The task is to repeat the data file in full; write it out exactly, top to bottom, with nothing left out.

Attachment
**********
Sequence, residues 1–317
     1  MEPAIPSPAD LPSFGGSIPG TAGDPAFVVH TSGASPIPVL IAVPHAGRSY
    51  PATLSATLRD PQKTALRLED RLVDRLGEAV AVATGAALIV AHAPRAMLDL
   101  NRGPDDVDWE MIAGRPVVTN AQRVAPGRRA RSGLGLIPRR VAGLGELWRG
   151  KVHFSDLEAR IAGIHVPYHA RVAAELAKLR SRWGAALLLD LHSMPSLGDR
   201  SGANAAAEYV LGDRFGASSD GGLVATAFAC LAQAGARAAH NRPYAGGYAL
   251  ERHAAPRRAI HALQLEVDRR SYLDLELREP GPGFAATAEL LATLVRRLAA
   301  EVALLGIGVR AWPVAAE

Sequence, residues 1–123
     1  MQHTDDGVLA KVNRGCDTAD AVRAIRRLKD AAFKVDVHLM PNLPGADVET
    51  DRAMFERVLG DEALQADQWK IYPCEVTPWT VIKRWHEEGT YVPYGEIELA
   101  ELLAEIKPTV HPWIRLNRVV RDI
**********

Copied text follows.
Sequence, residues 1–317
     1  MEPAIPSPAD LPSFGGSIPG TAGDPAFVVH TSGASPIPVL IAVPHAGRSY
    51  PATLSATLRD PQKTALRLED RLVDRLGEAV AVATGAALIV AHAPRAMLDL
   101  NRGPDDVDWE MIAGRPVVTN AQRVAPGRRA RSGLGLIPRR VAGLGELWRG
   151  KVHFSDLEAR IAGIHVPYHA RVAAELAKLR SRWGAALLLD LHSMPSLGDR
   201  SGANAAAEYV LGDRFGASSD GGLVATAFAC LAQAGARAAH NRPYAGGYAL
   251  ERHAAPRRAI HALQLEVDRR SYLDLELREP GPGFAATAEL LATLVRRLAA
   301  EVALLGIGVR AWPVAAE

Sequence, residues 1–123
     1  MQHTDDGVLA KVNRGCDTAD AVRAIRRLKD AAFKVDVHLM PNLPGADVET
    51  DRAMFERVLG DEALQADQWK IYPCEVTPWT VIKRWHEEGT YVPYGEIELA
   101  ELLAEIKPTV HPWIRLNRVV RDI